In Implantable Miniature Telescope eye surgery a tiny telescope is inserted behind the iris to treat age-related macular degeneration (AMD). This implant is meant to reduce AMD’s “blind spot” and magnify images to enhance vision for activities like reading, facial recognition, and watching television.
Age-related macular degeneration (AMD) is a deterioration of the small part of the retina called the macula.
This outpatient procedure lasts about an hour with local anesthetic. With the expertise of NVISION’s talented surgeons, we deliver incomparable outcomes.
Common Questions About Implantable Miniature Telescope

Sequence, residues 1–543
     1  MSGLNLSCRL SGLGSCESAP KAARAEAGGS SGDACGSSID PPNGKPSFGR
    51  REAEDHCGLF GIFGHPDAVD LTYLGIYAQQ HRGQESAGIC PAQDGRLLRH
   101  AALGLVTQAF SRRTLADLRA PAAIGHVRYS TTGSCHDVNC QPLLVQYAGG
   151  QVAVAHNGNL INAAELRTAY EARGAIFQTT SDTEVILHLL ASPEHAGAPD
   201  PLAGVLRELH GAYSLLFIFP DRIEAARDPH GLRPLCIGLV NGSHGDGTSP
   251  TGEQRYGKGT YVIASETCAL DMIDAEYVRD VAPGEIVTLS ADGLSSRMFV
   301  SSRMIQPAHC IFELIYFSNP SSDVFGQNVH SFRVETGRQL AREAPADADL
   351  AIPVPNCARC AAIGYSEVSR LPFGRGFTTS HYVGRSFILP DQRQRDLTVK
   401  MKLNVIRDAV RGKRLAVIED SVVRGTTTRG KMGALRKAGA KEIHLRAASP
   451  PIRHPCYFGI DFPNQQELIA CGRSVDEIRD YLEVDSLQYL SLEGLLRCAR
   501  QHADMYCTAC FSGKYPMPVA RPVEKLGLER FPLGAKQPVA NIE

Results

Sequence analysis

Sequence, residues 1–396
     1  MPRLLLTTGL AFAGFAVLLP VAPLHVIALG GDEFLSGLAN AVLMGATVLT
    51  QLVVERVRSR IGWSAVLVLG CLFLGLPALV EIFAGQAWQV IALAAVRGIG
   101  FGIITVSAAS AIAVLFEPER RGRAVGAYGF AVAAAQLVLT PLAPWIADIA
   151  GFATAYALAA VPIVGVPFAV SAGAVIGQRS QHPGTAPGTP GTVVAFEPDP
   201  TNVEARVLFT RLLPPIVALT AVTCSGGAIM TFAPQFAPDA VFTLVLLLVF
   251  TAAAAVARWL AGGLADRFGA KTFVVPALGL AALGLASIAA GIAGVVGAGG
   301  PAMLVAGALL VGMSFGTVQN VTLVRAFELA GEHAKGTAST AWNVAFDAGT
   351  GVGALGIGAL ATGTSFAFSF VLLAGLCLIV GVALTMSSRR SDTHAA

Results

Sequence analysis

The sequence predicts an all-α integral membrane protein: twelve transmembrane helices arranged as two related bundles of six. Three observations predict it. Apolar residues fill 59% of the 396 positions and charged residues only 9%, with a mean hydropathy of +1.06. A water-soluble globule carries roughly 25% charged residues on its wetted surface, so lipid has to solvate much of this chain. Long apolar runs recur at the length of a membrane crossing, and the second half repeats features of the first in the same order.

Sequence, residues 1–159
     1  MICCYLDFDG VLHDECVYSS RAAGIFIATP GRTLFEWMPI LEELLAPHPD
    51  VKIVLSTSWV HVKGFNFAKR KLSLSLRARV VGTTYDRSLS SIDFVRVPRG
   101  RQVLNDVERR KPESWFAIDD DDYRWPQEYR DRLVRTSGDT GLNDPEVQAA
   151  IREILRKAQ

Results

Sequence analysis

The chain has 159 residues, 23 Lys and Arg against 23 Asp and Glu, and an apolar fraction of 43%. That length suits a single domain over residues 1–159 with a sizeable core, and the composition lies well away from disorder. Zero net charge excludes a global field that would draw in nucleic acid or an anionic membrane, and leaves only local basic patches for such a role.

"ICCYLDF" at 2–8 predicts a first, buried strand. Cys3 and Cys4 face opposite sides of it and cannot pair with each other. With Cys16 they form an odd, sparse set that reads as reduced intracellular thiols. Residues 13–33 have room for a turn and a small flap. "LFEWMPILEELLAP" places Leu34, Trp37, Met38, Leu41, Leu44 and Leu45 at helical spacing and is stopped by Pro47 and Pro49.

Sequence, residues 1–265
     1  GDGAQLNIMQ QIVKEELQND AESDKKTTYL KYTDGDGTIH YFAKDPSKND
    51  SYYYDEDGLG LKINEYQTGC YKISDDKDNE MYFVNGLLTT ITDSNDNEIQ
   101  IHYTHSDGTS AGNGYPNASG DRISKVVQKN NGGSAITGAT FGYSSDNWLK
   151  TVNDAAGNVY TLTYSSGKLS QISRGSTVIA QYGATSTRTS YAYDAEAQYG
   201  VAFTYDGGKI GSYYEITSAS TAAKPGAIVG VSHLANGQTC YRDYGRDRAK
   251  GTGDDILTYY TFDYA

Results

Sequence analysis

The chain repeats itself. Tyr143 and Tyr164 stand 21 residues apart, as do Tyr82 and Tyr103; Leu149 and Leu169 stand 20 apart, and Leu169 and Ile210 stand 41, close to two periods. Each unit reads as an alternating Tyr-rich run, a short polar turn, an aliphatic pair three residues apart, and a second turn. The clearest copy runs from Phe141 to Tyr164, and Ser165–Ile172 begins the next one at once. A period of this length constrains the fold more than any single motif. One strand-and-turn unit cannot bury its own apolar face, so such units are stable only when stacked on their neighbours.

What is macular degeneration?
Age-related macular degeneration (AMD) is a deterioration or breakdown of the eye's macula, the light-sensitive tissue lining the back of the eye. The macula is responsible for your central vision, allowing you to see fine details clearly.
Many people develop macular degeneration as part of the body's natural aging process. There are different kinds of macular problems, but the most common is age-related macular degeneration.
Am I a good candidate for IMT?
- Be at least 65
- Have stable AMD
- Not currently undergoing active injection or laser treatment
- Have not had cataract surgery